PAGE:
In 2016 Dead Meadow’s Jason Simon ventured north to San Francisco to take part in the Family Folk Explosion: a Last Waltz-style concert series hosted by Trans Van Santos and what the SF Weekly has called "his band of Merry Pranksters." Simon picked a handful of songs to perform with the Trans Van Santos band, leaning heavily on unrecorded material and selections from his last solo album. When he arrived in San Francisco for rehearsals he was immediately taken with the band’s much jazzier interpretations of his songs; a particular revelation coming from the loose and idiosyncratic swing of San Francisco drummer and Spirit Jazz elder Dave Mihaly (known for his work with Jolie Holland and his own group; Dave Mihaly & The Shimmering Leaves Ensemble).
Of all the songs that Jason Simon brought to the table that evening, none were more important to the future NorCal/SoCal collaboration between these two sonic tribes than “Past the Western Wall;" a song Simon felt necessitated a Free Jazz approach that had proven difficult to capture. Not so in San Francisco, where the song became the lengthy and searching centerpiece of the set. Behind Dave Mihaly’s inspired work on the trap kit, Jason Simon’s exploration of Indian motifs on lead guitar, and the Bob Weir-like rhythmic accompaniment of Trans Van Santos, the song found its wings, stretching freely in the open landscape of the songs middle section. Clocking in at nearly fifteen minutes, “Past the Western Wall" was the clear highlight of a show that featured more than a few bright moments. The next morning Jason Simon drove back to Los Angeles with a copy of Dave Mihaly’s most recent album and an invitation to join Trans Van Santos at the TVS2 sessions in Joshua Tree, California the next month.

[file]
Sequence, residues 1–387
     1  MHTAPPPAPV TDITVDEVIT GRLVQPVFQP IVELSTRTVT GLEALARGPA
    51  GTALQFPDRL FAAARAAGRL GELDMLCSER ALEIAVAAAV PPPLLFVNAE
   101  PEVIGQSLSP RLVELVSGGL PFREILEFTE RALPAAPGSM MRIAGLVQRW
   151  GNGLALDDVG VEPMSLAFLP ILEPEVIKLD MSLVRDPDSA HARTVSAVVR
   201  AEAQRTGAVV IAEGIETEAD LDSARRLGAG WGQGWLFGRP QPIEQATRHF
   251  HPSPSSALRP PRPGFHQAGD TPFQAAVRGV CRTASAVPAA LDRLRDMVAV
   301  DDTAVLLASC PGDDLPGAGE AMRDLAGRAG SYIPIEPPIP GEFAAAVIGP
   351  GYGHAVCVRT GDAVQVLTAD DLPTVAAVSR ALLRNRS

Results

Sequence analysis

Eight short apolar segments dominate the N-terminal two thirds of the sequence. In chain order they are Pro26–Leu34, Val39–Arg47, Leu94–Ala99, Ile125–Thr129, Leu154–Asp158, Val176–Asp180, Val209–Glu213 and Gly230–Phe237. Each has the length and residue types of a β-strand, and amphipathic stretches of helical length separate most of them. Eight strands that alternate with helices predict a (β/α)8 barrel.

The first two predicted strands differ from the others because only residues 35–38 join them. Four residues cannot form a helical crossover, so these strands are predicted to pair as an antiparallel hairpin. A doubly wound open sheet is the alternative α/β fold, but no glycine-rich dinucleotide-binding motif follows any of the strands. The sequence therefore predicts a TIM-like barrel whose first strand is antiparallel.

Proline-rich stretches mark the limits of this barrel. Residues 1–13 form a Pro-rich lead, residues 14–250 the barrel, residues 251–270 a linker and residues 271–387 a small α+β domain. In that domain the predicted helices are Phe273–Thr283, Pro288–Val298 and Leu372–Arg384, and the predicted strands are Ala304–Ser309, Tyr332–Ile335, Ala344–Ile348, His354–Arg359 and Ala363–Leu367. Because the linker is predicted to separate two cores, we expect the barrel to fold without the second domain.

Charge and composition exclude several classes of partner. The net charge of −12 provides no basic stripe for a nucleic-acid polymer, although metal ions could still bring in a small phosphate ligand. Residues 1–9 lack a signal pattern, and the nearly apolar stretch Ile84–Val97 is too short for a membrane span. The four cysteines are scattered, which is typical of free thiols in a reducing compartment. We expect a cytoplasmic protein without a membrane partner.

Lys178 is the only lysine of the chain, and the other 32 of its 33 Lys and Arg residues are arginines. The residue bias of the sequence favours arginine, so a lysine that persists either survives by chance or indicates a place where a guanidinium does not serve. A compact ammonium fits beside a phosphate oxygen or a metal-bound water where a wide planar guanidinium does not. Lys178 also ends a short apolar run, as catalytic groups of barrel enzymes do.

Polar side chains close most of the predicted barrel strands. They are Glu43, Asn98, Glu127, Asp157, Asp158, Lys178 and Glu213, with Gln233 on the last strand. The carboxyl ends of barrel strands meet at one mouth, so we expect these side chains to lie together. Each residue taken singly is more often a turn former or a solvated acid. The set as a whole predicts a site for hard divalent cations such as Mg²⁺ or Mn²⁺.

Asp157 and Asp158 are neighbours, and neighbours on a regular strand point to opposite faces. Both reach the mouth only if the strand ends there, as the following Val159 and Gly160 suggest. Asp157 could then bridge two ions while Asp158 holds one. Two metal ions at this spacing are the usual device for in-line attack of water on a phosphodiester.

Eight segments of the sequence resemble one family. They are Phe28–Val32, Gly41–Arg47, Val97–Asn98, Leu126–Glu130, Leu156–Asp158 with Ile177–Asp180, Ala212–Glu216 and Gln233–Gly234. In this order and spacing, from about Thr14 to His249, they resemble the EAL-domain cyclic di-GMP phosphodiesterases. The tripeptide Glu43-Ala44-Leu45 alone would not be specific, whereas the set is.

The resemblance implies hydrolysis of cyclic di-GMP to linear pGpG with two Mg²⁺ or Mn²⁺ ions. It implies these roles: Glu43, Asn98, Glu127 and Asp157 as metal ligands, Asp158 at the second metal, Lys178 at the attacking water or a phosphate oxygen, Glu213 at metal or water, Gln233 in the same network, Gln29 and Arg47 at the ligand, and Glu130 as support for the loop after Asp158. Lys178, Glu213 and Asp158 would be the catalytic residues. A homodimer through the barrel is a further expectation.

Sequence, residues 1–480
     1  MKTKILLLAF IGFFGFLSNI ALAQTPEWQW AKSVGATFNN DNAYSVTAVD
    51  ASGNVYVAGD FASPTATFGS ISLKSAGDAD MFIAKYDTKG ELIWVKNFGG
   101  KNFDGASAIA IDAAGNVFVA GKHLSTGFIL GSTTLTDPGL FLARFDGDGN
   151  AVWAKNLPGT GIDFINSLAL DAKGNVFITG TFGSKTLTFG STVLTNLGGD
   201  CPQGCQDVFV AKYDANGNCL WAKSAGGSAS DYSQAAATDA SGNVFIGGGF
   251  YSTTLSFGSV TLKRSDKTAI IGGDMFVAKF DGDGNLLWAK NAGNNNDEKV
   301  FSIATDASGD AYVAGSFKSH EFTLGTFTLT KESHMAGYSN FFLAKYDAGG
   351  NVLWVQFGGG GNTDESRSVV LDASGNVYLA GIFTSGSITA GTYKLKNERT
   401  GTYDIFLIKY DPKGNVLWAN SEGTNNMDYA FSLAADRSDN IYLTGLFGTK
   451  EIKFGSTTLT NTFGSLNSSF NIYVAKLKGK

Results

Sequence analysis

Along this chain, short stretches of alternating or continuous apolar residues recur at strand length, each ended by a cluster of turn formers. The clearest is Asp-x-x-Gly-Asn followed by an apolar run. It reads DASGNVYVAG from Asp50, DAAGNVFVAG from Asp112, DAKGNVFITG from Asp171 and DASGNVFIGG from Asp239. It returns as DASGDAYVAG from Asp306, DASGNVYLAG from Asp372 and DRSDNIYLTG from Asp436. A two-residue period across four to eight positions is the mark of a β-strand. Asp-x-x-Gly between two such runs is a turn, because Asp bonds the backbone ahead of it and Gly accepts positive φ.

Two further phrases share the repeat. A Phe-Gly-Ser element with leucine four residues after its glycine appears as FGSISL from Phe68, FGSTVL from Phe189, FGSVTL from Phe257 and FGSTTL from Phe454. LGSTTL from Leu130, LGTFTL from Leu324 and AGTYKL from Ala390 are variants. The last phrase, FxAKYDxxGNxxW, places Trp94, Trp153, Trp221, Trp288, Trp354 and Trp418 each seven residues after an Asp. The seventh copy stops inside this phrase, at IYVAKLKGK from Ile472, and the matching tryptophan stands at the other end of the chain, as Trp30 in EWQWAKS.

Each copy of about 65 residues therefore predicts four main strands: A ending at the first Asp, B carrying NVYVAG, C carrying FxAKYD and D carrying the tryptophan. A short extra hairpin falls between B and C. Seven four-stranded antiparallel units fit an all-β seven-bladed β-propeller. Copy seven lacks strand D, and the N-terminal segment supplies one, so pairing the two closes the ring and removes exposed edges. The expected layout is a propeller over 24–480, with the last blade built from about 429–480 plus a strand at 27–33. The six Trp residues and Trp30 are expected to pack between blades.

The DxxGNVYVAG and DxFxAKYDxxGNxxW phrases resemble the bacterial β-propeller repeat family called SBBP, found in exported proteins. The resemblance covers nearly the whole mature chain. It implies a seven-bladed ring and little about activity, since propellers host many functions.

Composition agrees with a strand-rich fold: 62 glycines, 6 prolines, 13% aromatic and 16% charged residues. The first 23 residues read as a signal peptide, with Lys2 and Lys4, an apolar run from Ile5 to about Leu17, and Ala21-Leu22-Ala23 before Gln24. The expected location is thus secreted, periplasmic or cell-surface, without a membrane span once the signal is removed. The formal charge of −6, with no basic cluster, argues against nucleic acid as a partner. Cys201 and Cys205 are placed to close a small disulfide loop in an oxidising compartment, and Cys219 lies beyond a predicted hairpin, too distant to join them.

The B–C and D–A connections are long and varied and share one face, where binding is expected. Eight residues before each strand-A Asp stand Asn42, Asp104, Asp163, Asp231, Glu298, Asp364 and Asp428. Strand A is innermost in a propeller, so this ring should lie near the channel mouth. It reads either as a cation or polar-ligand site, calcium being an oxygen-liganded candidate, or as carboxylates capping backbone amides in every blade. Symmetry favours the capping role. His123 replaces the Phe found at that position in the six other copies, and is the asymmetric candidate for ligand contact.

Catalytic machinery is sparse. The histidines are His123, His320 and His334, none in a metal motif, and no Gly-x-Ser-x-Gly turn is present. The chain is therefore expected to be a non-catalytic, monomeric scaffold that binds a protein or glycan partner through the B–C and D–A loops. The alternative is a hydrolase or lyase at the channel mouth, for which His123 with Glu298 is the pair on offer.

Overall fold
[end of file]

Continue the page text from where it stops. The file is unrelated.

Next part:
Jason Simon listened to the Dave Mihaly album on the drive back to Los Angeles and then he listened to it again, and again. The next month in Joshua Tree he presented Trans Van Santos with a proposition to record an album featuring material from the three songwriters. They pow-wowed and smoked the peace pipe and formulated a plan: the album was to be recorded in both San Francisco and Los Angeles, in the northern reaches of Old Mexico, and feature contributions from members of their respective solo projects. Songs would be recorded live over a couple of sessions with very few overdubs. “Western Wall" would be the foundation that the album would be built upon. Jason Simon would produce and steer the ship through the process and toward completion. This album is the fruit of that cross genre and multigenerational collaboration out on the edges of West. Welcome to Old Mexico.
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